Steinhardt’s department of Media, Culture and Communication presented an event titled “Journalism: Bullish on the Future?” on March 26, which focused on George Brock’s book “Out of Print: Newspapers, Journalism and the Business of News in the Digital Age.” Brock is a professor and head of journalism at City University London.
Apart from Brock, there were four additional speakers at the event — journalist Steven Waldman, Columbia journalism professor Sheila Coronel, author Peter Pringle and Forbes columnist J. Max Robins, who moderated the discussion.
NYU journalism professor Jay Rosen said Brock’s book is centered on answering the question of whether traditional journalism will continue.
“Can the legacy media adapt and continue the tradition of public service journalism into the next century, or will the firms and brands that carry the free press forward be the newer companies, born into digital means, adaptive from the start,” Rosen said.
Brock said he had attended many debates and seminars about journalism, where people were pessimistic about the future of the profession. He said he thought he should write a book addressing the optimistic side of it.
“Written like most books, ‘Out of Print’ was written because there was a gap in understanding I wanted to correct,” Brock said.
After Brock presented his book, the panelists discussed topics such as the use of the Internet as a journalistic tool, the future of print journalism, trends in journalism and the pros and cons of the digital era.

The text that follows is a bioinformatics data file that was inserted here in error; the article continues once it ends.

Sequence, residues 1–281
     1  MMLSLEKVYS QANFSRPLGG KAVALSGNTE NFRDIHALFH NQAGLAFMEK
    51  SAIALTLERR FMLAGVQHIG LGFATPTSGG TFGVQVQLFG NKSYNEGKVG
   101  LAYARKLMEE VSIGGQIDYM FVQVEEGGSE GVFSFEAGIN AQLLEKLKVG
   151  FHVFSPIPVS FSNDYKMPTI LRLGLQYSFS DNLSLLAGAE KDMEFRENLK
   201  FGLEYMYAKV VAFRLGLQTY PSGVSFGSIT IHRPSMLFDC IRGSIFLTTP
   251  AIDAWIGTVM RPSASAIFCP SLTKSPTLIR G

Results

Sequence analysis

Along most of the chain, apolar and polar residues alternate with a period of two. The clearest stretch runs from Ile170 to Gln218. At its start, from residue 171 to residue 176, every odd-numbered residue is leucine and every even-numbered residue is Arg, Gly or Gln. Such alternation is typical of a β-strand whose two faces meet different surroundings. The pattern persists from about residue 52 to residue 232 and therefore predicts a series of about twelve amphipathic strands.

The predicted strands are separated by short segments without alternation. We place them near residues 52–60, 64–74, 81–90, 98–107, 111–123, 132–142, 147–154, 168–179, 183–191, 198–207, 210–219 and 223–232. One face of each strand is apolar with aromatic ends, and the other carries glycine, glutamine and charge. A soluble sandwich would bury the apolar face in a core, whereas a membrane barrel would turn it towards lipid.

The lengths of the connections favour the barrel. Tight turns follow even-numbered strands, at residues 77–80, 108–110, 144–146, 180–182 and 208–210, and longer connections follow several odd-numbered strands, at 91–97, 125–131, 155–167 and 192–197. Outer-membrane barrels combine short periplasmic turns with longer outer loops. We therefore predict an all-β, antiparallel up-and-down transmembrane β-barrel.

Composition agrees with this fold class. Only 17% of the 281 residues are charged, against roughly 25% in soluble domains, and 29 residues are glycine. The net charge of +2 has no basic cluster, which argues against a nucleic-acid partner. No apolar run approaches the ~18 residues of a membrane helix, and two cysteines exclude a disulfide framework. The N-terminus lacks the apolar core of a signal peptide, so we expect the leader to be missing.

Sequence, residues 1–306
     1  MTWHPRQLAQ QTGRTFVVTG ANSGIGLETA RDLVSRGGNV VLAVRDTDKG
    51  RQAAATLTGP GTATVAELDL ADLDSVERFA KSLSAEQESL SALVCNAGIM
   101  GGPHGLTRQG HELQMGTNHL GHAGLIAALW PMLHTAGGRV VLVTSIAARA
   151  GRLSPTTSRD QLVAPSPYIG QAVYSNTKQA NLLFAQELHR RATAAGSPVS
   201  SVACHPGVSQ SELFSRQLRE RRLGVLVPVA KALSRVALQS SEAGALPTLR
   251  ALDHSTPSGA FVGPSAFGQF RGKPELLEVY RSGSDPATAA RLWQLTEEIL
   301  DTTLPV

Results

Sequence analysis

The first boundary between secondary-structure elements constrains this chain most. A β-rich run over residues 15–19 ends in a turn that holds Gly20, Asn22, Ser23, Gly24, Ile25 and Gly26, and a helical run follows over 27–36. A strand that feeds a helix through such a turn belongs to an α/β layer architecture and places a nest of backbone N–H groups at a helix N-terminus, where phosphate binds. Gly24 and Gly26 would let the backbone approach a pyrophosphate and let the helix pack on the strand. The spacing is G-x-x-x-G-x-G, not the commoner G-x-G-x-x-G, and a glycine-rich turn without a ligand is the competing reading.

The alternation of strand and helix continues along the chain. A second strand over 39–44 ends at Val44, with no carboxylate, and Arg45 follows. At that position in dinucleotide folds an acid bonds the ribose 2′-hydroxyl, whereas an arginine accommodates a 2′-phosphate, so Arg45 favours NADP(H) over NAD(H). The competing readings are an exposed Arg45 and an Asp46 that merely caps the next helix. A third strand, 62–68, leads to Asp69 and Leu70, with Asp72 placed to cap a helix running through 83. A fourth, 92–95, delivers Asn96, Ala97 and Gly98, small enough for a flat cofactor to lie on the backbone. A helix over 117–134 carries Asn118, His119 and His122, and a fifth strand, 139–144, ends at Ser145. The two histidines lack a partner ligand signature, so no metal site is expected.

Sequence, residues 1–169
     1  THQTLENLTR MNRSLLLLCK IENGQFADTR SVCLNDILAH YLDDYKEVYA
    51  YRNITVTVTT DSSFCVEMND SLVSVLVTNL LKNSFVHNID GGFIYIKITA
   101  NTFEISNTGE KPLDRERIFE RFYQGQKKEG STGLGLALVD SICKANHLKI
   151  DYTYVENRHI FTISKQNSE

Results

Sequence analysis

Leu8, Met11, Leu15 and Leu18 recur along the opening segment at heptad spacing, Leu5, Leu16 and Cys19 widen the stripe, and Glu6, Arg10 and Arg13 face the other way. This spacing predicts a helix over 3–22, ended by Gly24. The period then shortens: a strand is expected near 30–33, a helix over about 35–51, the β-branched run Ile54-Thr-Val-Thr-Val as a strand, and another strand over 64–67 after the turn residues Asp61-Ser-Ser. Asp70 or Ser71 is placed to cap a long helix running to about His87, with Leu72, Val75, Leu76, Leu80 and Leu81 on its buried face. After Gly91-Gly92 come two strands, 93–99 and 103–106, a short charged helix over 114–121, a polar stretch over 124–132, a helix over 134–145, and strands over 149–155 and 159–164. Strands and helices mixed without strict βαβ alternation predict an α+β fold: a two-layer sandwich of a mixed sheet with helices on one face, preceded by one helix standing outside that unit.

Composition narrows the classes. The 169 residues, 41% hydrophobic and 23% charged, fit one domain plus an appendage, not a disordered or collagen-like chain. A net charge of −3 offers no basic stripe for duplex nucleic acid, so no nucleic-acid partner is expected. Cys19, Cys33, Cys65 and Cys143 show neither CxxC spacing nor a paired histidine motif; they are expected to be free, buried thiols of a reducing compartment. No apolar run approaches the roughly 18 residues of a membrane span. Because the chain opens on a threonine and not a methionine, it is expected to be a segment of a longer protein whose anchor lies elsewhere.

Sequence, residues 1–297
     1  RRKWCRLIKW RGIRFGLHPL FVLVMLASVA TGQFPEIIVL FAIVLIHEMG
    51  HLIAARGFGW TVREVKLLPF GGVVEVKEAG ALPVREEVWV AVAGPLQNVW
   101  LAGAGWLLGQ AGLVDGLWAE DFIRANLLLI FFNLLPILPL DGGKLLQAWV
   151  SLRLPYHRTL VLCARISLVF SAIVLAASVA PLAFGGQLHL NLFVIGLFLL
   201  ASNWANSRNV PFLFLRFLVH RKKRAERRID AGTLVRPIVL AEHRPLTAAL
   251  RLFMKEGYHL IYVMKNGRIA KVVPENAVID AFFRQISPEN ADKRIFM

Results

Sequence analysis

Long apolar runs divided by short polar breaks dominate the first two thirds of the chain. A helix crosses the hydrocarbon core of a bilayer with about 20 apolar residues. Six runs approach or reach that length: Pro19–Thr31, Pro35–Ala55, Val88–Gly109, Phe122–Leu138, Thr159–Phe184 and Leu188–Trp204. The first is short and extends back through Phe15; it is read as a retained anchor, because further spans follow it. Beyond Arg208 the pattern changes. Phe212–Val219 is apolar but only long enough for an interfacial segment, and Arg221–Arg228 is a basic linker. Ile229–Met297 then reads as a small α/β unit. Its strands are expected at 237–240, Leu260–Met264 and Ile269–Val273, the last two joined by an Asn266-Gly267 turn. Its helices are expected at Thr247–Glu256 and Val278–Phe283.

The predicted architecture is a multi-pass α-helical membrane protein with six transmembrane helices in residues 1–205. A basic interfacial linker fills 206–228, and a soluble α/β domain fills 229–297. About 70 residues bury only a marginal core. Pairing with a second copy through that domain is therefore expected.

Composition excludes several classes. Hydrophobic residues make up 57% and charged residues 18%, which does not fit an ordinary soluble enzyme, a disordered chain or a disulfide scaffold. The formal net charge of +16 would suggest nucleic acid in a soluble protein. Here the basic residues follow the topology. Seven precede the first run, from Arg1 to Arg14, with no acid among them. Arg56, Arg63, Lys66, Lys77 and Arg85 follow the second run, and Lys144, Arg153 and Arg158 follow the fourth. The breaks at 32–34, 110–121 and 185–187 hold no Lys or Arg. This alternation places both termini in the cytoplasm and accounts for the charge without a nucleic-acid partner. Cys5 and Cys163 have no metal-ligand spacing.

During the discussion about the future of print journalism, Coronel mentioned the importance of newspapers in the reporting process.
“The majority of original reporting is done by newspapers,” Coronel said.
The speakers also analyzed the way reporting has changed due to the emergence of social media and the digital media era. Coronel emphasize that the public is becoming part of the reporting process.
“News is becoming incredibly interactive,” Coronel said.
Steinhardt senior Ava Zhou said she found the discussion relevant to what she has been discussing in her classes.
“They pointed out something that I hadn’t thought about, so, for example, access to the Internet as a human right, that’s very fascinating,” Zhou said.
NYU journalism professor Mitchell Stephens, who also has a book coming out discussing the topic titled “Beyond News: The Future of Journalism,” said journalists will have to find new ways to promote their stories.
“News is too widely available and people are getting used to getting it for free and journalists will have to learn to sell something else, such as analysis and what I like to call insight,” Stephens said.
Stephens said these types of events are important for the field.
“The more discussion about the future of journalism the better,” Stephens said. “You can’t be a journalist now without thinking about the future of journalism.”
Marita Vlachou is a staff writer. Email her at firstname.lastname@example.org.